My list of Top Ten Tea Perfumes is in a dire need of an update. Actually it's been the case for about a year now. I smelled Russian Tea, the 2014 perfume release from Masque Milano, loved it dearly, coveted it, and then summer arrived and other shiny things landed here. But November is back, as well as the desire to all that is leathery and smoky. And my tea consumption, high even in August, has been steadily climbing.
If you're familiar with Russian teas you know that they tend to be dark and smoky. Not quite as bitter/thick or even murky as Lapsang Souchong and other Chinese smoky black teas, but the fireside experience is definitely there. What makes Masque's interpretation of the tea and smoke so unique and pleasurable is the fine tuning and extra elegance of this perfume.
I'm thinking of other dark tea perfumes I enjoy, such as CB I Hate Perfume Russian Caravan Tea and L'Artisan Tea For Two. I like the non-perfumy aspect of both, the virtual reality they conjure is fun and a little wild, using the birch tar and undertone of burnt rubber to highlight the actual delicacy of the tea. I tend to think of them as civilized and refined offspring of Le Labo Patchouli 24 and even the tea over campfire in the West of Lonestar Memories. Birch tar and leather aside, Masque Milano brings our tea service back to elegant rooms where hand embroidered napkins are at the table adorned with the finest Old World china and silver. This is haute couture tea, perfectly balanced between fresh aromatics (non-toothpasty mint) and assorted peppercorns, and the dark liquid brewing in the corner. This is not a "simple" tea scent. Yes, this is an elegant tea party, but you are also wrapped in leather and incense of the most polished and stylish available.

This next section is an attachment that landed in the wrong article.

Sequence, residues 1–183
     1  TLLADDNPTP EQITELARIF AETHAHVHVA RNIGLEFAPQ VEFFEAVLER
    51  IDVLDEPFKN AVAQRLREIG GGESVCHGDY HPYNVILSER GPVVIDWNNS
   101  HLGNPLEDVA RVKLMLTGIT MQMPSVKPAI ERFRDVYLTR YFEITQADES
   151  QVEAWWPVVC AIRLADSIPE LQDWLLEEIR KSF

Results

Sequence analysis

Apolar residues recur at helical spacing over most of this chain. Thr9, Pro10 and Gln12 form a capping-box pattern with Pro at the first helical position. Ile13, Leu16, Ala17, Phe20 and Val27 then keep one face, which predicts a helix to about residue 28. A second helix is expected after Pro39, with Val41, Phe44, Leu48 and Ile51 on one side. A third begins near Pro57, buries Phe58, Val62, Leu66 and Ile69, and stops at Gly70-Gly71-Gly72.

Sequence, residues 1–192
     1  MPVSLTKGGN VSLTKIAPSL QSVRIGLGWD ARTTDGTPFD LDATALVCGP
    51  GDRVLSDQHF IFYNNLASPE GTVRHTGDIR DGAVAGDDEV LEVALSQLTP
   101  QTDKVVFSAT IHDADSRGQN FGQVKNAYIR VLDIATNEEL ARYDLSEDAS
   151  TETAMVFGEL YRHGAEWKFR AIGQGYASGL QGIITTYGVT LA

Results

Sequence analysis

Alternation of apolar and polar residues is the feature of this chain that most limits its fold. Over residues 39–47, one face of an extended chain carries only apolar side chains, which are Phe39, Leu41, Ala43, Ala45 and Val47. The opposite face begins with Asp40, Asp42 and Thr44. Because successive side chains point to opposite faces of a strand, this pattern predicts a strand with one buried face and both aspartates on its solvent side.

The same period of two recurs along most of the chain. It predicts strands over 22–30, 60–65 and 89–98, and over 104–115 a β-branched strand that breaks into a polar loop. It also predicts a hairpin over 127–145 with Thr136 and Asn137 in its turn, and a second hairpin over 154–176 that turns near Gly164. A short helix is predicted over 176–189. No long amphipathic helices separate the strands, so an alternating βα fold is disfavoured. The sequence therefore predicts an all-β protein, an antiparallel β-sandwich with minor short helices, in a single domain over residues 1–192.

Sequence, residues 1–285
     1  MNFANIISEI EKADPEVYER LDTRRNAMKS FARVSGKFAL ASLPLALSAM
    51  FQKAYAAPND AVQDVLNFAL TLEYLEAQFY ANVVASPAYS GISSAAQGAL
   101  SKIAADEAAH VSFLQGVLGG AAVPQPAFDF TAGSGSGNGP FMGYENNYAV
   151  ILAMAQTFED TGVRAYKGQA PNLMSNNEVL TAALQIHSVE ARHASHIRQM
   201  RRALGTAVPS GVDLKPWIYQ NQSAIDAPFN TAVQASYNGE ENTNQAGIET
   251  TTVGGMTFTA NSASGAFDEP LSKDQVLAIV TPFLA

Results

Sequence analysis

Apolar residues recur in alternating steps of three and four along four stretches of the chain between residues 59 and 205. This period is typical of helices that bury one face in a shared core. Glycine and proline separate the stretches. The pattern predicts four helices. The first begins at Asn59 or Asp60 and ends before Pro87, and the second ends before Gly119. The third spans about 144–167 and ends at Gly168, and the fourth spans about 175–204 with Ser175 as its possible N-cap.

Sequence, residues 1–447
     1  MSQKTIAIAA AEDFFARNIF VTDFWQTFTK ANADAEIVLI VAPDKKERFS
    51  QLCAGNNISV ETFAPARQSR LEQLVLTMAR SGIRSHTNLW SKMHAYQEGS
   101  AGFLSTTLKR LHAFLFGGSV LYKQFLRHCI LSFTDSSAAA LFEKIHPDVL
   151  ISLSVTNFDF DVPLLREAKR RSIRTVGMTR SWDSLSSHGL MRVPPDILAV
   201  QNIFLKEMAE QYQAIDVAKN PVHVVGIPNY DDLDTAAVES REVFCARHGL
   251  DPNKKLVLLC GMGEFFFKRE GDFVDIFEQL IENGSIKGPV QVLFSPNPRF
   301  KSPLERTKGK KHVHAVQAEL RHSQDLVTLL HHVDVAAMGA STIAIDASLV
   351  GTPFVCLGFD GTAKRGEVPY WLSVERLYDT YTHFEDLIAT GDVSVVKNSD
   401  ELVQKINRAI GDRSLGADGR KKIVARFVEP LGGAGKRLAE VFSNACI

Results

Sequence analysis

Masque Milano is an Italian brand, but in this case I find Russian Tea oddly French. This was why I knew exactly what image I'd like to use for this post: a photo of from Life Magazine's photoshoot of that accompanied the famous Christian Dior Moscow show in 1959. The marriage of elements that are supposedly in extreme contrast, the warmth (the models were embraced on the streets by older ladies who were fascinated by these otherworldly creatures), the luxurious fabrics and cuts against the gray walls of Khrushchev's Moscow. It's all there: sweetness (there's a hint of rarefied immortelle), warm bodies, incense wafting toward the steely sky, and that leather-birch tar, and black tea that let you in and make you feel welcome and somehow appropriately-dressed in this world.
Masque Milano- Russian Tea ($215, 100ml ) is available from Luckyscent and Twisted Lily (samples for this review were supplied by both stores). Twisted Lily seems to be have several of Masque's perfumes on backorder, so it's best to call them directly to make sure your order can arrive on time (or just buy samples, if you're unfamiliar with this fabulous line).